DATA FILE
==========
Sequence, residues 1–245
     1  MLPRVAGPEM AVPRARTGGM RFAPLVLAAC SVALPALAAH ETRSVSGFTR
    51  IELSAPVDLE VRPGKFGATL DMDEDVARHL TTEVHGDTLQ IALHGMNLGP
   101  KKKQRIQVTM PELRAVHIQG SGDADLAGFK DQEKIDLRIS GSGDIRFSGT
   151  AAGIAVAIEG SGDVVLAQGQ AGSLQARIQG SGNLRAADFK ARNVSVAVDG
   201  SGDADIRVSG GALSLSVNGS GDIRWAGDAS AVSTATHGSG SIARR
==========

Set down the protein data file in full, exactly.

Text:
Sequence, residues 1–245
     1  MLPRVAGPEM AVPRARTGGM RFAPLVLAAC SVALPALAAH ETRSVSGFTR
    51  IELSAPVDLE VRPGKFGATL DMDEDVARHL TTEVHGDTLQ IALHGMNLGP
   101  KKKQRIQVTM PELRAVHIQG SGDADLAGFK DQEKIDLRIS GSGDIRFSGT
   151  AAGIAVAIEG SGDVVLAQGQ AGSLQARIQG SGNLRAADFK ARNVSVAVDG
   201  SGDADIRVSG GALSLSVNGS GDIRWAGDAS AVSTATHGSG SIARR